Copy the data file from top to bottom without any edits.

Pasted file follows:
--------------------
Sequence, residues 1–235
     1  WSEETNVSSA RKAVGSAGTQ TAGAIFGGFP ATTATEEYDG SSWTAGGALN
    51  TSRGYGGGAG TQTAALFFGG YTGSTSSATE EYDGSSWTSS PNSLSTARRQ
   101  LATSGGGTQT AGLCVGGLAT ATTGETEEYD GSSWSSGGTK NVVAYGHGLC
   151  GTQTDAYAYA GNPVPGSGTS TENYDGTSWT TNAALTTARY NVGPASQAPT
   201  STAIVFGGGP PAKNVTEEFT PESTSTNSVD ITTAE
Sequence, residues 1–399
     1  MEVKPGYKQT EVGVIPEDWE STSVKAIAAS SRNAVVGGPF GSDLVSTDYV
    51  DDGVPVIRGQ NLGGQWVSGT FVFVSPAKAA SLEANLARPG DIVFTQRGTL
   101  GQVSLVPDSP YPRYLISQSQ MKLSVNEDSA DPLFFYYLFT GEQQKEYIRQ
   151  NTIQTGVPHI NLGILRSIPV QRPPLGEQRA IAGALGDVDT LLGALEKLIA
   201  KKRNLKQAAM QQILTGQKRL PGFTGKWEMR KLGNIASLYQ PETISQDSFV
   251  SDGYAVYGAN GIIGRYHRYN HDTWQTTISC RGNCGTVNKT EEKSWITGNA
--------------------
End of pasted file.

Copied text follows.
Sequence, residues 1–235
     1  WSEETNVSSA RKAVGSAGTQ TAGAIFGGFP ATTATEEYDG SSWTAGGALN
    51  TSRGYGGGAG TQTAALFFGG YTGSTSSATE EYDGSSWTSS PNSLSTARRQ
   101  LATSGGGTQT AGLCVGGLAT ATTGETEEYD GSSWSSGGTK NVVAYGHGLC
   151  GTQTDAYAYA GNPVPGSGTS TENYDGTSWT TNAALTTARY NVGPASQAPT
   201  STAIVFGGGP PAKNVTEEFT PESTSTNSVD ITTAE
Sequence, residues 1–399
     1  MEVKPGYKQT EVGVIPEDWE STSVKAIAAS SRNAVVGGPF GSDLVSTDYV
    51  DDGVPVIRGQ NLGGQWVSGT FVFVSPAKAA SLEANLARPG DIVFTQRGTL
   101  GQVSLVPDSP YPRYLISQSQ MKLSVNEDSA DPLFFYYLFT GEQQKEYIRQ
   151  NTIQTGVPHI NLGILRSIPV QRPPLGEQRA IAGALGDVDT LLGALEKLIA
   201  KKRNLKQAAM QQILTGQKRL PGFTGKWEMR KLGNIASLYQ PETISQDSFV
   251  SDGYAVYGAN GIIGRYHRYN HDTWQTTISC RGNCGTVNKT EEKSWITGNA